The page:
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Activity in the mortgage market took a slight dip in November, no doubt fuelled by the base rate rise which has forced homeowners to take stock of their current position and hold off on making key financial decisions. This saw house purchase activity fall to a 15-month low, but remortgaging activity continues to hold its own – and could increase further in the months ahead.
The figures, from UK Finance, show that the number of house purchase approvals fell to 39,507 in November, down 2% from October's total of 40,417 and the lowest seen since August 2016 (38,308). It also marks a drop of 5% over the last year, down from 41,702 in November 2016.
This marked decline in activity is largely the result of the base rate rise that took place during the month, which had a knock-on effect on mortgage rates. Indeed, averages had already begun rising in anticipation of the Bank of England's decision – November seeing the largest rise in two-year mortgage rate on moneyfacts.co.uk's records – so it's little wonder that buyers took a step back from the market.
Remortgaging activity also took a slight downturn, albeit to a lesser extent, with 33,670 remortgages approved during the month, down 1% from October (34,006). Nonetheless, this marks a significant improvement on an annual basis, with November 2016's approval total being 23% lower at just 27,268, highlighting the strength of the remortgage market over the last year.
It's likely that the drop in approvals is merely temporary, at least where remortgaging is concerned, as borrowers adjust to the new base rate environment. Indeed, our own figures suggest that remortgaging activity could ramp up in the months ahead, as although fixed mortgage rates have started to rise, so have standard variable rates (SVRs), which means borrowers now have plenty of incentive to switch to a better deal.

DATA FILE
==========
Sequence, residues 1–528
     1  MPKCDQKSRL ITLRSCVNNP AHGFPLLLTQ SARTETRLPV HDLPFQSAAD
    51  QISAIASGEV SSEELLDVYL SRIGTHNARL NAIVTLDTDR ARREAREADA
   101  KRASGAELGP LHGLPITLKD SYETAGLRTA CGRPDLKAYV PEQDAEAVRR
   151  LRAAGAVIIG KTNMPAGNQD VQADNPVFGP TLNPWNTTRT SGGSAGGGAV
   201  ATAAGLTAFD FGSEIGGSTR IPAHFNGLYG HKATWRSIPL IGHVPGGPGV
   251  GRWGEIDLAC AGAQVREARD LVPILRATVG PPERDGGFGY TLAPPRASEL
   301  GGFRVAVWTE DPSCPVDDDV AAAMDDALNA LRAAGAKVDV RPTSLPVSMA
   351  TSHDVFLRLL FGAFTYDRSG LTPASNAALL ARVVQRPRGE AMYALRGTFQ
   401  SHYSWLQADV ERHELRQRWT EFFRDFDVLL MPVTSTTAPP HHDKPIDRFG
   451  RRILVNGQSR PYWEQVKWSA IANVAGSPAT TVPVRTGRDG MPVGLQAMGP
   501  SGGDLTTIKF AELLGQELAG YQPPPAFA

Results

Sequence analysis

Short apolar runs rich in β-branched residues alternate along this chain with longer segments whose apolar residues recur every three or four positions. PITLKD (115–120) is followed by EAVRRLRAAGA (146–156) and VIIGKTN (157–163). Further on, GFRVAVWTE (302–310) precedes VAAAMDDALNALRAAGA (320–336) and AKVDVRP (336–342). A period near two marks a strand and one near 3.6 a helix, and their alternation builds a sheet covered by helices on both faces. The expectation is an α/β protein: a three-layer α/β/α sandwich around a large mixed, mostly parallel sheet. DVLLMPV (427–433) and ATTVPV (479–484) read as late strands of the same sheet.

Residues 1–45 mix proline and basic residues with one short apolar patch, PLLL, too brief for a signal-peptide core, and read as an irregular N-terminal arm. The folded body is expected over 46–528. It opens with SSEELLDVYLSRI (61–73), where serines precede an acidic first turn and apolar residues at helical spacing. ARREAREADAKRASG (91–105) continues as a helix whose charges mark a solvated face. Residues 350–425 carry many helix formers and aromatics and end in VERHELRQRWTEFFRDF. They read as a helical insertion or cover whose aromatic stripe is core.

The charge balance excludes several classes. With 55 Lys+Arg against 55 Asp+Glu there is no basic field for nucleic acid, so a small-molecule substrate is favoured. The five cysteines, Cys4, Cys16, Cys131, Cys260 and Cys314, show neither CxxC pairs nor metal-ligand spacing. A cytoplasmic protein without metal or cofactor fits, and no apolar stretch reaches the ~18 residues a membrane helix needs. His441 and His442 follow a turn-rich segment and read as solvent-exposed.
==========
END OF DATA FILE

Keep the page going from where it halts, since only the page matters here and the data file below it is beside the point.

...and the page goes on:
This is because the average SVR has jumped up this month to stand at 4.74%, up from 4.60% in September and the highest seen since September 2016 (4.75%). Meanwhile, the average two-year fixed mortgage rate of two years ago stood at 2.56%, which means those who are coming to the end of that two-year term are now faced with a 2.18% rate hike if they choose to revert, the highest variance seen since April 2008 (2.39%).
Historical data shows that when the jump to the SVR is significant, many borrowers will naturally choose to remortgage instead, so it's likely that remortgaging activity will rise for the foreseeable future. This is particularly likely given that the current average two-year fixed mortgage rate stands at 2.35%, which means the typical borrower could enjoy a 0.21% rate cut if they remortgaged – so why not see if you can benefit? Compare the best mortgage rates and remortgage deals, and see how much you could save.
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